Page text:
Tuesday, September 26, 2006

Traders Helping Traders Big Weekend Edition

The rest of the Big Weekend Edition is online at

http://www.supportandresistance.com/Trade-Updates/testdrive-9-25-06.html

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Here's the Lesson Du Jour
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Question:

I was just toying with the thoughts...what are the funds up to in soybeans? I noticed that they have slowly increased their short position in beans. Just for fun, I thought I would look at all the COT's, and with the exception of coffee, they are consistently net long. Why is that? Why are they suddenly taking a net short position in beans?

Answer:

[I'll defer this question to Tom as he has some great advice regarding the COT data.]

Thanks for the question ... been awhile since I had a opportunity to do my COT tirade ... just kidding ... sort of ... :)

First we need to get a handle on what and who we're looking at. The COT is the by product of a CFTC requirement that all traders taking positions above a certain size (it varies according to market) report their TOTAL positions to the CFTC on a regular basis. The penalty for not doing so is steep.

The report itself is divided into 3 parts: Commercial, Non Commercial and Non Reporting. The non reporting number is us little guys, Commercials and others with positions below reporting thresholds. This number is derived by deducting the reported positions of Commercials and Non Commercials with reportable positions from the total open interest number.

The commercial number is just that, commercial firms reporting positions. The Non Commercial number is everyone but commercials who hold positions above the threshold. This would include funds, institutions and individuals with large positions.

Commercials take positions for very different reasons than funds or you and I. There are 2 classifications of commercials: producers and users.

Producers are already LONG the cash market. They own, raise, grow, store or otherwise control the physical commodity. Since they are LONG the cash they use short positions in the futures market to hedge there physical holdings. The only way they get hurt is by falling prices - they get less for the product when it is time to sell the physical. You will almost never see these people LONG the futures. Why would they? They are LONG the cash, getting long the futures only expands there risk of lower or falling prices.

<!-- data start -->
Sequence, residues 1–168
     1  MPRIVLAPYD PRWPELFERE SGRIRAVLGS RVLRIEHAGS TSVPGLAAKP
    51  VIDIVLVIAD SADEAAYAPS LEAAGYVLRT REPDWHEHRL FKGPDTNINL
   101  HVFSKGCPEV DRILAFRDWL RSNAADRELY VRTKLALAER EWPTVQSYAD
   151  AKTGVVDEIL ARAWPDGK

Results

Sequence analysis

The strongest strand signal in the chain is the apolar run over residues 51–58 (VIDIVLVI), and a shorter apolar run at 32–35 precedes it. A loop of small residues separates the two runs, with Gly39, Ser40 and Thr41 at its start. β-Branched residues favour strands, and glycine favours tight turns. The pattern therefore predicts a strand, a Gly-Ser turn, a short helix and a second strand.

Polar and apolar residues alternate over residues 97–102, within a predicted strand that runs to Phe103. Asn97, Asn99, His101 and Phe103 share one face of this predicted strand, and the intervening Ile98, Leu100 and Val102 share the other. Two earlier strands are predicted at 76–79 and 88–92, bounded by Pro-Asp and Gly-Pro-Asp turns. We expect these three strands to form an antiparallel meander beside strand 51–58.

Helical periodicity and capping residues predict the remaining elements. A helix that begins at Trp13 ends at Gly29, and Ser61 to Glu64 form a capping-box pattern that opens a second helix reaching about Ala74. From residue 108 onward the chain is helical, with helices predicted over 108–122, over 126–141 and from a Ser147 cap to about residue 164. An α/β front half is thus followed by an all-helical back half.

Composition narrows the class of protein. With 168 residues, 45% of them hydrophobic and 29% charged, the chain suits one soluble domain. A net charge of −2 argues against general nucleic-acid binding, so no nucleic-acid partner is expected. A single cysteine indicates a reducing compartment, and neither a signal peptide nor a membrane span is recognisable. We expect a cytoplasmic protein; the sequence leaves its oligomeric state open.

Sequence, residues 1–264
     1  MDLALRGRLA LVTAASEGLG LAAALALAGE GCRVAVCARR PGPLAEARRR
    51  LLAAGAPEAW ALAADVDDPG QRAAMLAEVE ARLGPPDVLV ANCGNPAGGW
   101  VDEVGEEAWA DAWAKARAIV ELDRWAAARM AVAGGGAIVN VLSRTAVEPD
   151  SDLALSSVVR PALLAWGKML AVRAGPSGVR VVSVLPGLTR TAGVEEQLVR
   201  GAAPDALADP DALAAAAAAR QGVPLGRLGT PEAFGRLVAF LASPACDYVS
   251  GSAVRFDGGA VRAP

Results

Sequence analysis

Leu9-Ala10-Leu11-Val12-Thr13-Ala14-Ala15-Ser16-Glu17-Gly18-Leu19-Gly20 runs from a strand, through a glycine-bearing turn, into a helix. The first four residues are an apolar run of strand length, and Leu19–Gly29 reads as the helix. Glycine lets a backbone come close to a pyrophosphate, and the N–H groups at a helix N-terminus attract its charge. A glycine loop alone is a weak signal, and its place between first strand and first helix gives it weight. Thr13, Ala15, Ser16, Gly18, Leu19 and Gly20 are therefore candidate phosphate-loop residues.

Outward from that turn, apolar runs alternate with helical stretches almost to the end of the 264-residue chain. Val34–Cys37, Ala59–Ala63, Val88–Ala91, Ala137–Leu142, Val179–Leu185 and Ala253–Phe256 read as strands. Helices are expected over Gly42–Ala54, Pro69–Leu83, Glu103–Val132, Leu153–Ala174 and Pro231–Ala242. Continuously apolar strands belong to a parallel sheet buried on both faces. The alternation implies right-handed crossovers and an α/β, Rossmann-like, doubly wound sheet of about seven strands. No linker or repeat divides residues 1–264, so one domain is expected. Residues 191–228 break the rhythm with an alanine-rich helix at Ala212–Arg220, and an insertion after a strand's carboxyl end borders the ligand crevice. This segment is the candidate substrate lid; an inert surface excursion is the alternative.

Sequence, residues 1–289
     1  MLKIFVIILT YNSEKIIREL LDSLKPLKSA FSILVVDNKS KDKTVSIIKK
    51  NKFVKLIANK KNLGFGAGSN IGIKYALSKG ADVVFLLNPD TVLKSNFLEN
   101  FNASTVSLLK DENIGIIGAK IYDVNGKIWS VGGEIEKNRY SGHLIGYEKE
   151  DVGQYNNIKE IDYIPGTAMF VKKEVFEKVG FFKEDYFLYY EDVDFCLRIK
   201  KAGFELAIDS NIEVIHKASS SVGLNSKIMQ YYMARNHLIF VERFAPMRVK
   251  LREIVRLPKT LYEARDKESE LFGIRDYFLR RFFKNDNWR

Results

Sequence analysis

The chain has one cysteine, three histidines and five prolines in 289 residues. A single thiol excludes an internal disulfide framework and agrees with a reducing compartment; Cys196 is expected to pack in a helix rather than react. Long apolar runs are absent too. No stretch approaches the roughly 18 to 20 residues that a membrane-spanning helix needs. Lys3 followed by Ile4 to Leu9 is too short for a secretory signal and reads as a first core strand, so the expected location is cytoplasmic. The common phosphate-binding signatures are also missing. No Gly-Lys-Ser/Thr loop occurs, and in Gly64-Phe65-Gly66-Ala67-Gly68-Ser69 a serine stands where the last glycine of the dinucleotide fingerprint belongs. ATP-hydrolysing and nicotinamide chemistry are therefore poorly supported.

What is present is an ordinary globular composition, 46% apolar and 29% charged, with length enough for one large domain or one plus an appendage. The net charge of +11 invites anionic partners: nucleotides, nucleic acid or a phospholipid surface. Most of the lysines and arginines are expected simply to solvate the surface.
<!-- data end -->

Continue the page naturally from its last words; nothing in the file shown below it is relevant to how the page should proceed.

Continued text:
Users have just the opposite situation. They have a need to buy the commodity; they are SHORT the cash market. They are only hurt by rising or higher prices. They use the futures market to hedge their purchase requirements by being LONG futures to offset the risk of their SHORT cash positions.

You will rarely see these folks short futures ... again, because that only expands their risk which is already substantial because they MUST buy the commodity to make their product. Think Kellogg's buying corn to make Cornflakes or Rolex and Zales Jewellers who need Gold and Silver to make watch cases and bands. You can think of all kinds of examples.

The commercials do what they do for actuarial reasons; it is, effectively, an insurance policy for them. The net positions, long or short, of the commercials will fluctuate depending on prices, production, etc. IT IS NOT A CASE of the commercials sitting around deciding whether to be long or short as we do.

At times the Elevators, Co-op's, and the farmer will be in the futures with big short positions and users will be absent the market. At other times the users will be in there long to the teeth and the producers will be on the sidelines. Commercials tend to be very early in taking positions and hold them for long periods through thick and thin ... until their insurance policy has served its purpose.

Why do you think the short side has been expanding as to commercials ... are we not in the midst of or beginning harvest? When do we historically have lowest prices? Right before, during and just after harvest when we have tons of stocks. Lots of reasons for the producers, the short guys, to be in there right now, low urgency for the users to be playing as their risk is higher prices.

Funds are a different story. They do what they do for the same reasons we take positions ... acceptance of the price fluctuation risk from the producers and users in exchange for hoped for profits. However they do their thing much differently than we do it. They have huge amounts of money to play with. They trade with very little overhead. They are in and out in the blink of an eye since they can make out quite nicely on very small price changes. A penny move for us barely covers our overhead. With 3,000 contracts in play a penny is big money for them. You get the picture.

I firmly believe we cannot gain any edge from following the COT. The actions of commercials and funds are in the prices we see on the charts. It's in there already. Trying to gauge what and when they will do things is futile. The best defence against these behemoths is to track Resistance and Support closely, to roll stops at significant R&S points and to work with small stops affording us an opportunity to demand performance from the market - and when it doesn't materialize to be gone early in the recognition process.

These are absolutely the best tactics to contend with these guys and play the game in their shadow.

Tom